In each installment of Ask a Doctor, your burning questions about hormones, menopause symptoms, sleep, sex, and more are answered by doctors who specialize in treating women in midlife.
This week: Dermatologist Dr. Sarvenaz Zand explains what retinoids do for your skin and the best way to use them in perimenopause.
I'm in the throes of perimenopause and my skin is dry, dry, dry. I’ve wanted to experiment with retinoids, but I’ve heard that they can cause peeling and make skin more sensitive. What’s the deal? And what’s the difference between retinol and retinoids?
Dr. Zand says:
Retinoids are a class of vitamin A molecules that have been found to reduce fine lines as well as acne. Retinol is a type of retinoid — it’s the over-the-counter strength — and then there are several prescription-strength versions of retinoids, including what is commonly known as Retin-A, or tretinoin.
Retinoids are fantastic for every woman in their 20s and older to help maintain beautiful skin, to enhance collagen production, reduce the appearance of fine lines, and reduce the accumulation of pigment. However, the hardest time to start a retinoid is when your skin is feeling dry and sensitive. And menopause and perimenopause are those exact times.
Retinoids vs. acids
For people who want to experiment with their skincare regimen, it’s important to know that there are some ingredients that are more sensitizing than others, and retinoids are at the top of that category. I’d also say that glycolic, lactic, alpha hydroxy, and beta hydroxy acids can temporarily make the skin feel sensitive or like it’s burning.
That said, acids tend to not cause long-term sensitivity, such as feeling sensitive the next day. Retinoids or retinol, on the other hand, may not cause instant irritation, but you may experience redness or peeling the next day or over weeks.
If you’ve decided to add retinoids to your skincare routine during perimenopause, here are some things to keep in mind:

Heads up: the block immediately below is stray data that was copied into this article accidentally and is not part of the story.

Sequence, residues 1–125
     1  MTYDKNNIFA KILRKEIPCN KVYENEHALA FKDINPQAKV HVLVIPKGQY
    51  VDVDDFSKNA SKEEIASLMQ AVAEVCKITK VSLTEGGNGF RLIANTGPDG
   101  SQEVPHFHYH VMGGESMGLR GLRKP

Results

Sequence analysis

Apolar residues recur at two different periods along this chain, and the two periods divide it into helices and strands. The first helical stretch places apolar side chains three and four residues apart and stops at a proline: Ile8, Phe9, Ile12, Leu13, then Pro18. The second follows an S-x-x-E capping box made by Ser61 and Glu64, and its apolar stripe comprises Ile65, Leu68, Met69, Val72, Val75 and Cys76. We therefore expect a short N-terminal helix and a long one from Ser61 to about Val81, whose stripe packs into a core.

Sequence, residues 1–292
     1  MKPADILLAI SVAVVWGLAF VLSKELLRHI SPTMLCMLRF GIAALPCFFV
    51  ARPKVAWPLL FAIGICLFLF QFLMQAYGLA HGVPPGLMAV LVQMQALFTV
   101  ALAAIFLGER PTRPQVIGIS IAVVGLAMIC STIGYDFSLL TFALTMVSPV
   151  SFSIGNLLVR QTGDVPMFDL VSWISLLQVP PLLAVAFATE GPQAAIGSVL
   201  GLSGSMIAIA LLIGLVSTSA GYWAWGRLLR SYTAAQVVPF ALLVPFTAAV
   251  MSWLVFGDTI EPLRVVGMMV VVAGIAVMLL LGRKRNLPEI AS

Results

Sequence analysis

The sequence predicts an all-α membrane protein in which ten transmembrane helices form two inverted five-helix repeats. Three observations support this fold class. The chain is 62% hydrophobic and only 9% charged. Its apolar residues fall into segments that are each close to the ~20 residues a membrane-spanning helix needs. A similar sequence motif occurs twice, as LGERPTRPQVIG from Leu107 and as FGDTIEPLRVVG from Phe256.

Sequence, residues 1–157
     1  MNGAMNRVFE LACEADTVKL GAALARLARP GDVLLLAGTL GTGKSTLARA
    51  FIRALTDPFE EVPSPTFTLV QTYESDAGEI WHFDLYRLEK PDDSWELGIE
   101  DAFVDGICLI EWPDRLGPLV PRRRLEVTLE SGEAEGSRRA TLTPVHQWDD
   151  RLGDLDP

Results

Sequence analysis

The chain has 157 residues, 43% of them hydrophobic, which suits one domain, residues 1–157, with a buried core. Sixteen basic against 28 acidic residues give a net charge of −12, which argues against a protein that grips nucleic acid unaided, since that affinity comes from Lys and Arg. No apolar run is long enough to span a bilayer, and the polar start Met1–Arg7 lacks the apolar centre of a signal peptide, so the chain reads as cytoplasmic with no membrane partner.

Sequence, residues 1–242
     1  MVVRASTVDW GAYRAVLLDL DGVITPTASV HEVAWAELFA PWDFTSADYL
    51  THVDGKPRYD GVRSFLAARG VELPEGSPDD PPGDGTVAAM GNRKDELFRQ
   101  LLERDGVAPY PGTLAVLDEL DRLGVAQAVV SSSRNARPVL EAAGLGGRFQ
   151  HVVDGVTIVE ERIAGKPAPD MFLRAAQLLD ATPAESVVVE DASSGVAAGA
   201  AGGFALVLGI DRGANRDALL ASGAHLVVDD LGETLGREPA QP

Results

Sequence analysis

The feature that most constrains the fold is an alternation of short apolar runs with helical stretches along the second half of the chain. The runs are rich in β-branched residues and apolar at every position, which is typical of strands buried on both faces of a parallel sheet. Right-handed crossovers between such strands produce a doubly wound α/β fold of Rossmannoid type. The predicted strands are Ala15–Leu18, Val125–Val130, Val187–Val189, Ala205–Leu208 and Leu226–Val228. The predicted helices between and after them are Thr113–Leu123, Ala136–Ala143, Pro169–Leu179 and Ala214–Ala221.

SPF by day, retinoids at night
Retinoids, whether you’re using retinol or a prescription retinoid, will make your skin more sensitive to the sun. You don’t need to banish retinoids from your routine during the summer, but you should wear SPF during the day, and a hat to protect your skin from UV damage.
Flushing, not blushing
When I started using retinoids in my late 20s or early 30s, I noticed that when people would ask me a question, my face would turn red even though I wasn’t feeling at all embarrassed. When you first start on retinol or tretinoin, you can be more prone to flushing, but that effect does fade in time.
Avoid using retinoids before certain skin treatments
I advise women to stop their retinoids for a week or two before they undergo aggressive skin treatments such as waxing, microneedling, lasers, or any other procedure that thins the top layer of dead skin.
Choose products with protective ingredients
Most over-the-counter retinoids are not designed for sensitive skin. Look for ones that are designed to address your midlife skin concerns, including dryness, sensitivity, and fine lines. Ingredients such as Ectoine, squalane, and hyaluronic acid can calm reactive skin.
Ask your dermatologist
When it comes to prescription retinoids, it is best to speak with your dermatologist about how to begin using them, how often, and what to expect. They can advise you on a schedule and answer any questions you may have.
But for people who want to try them, I recommend starting with retinol and using it for three months to a year before moving to prescription-strength retinoids.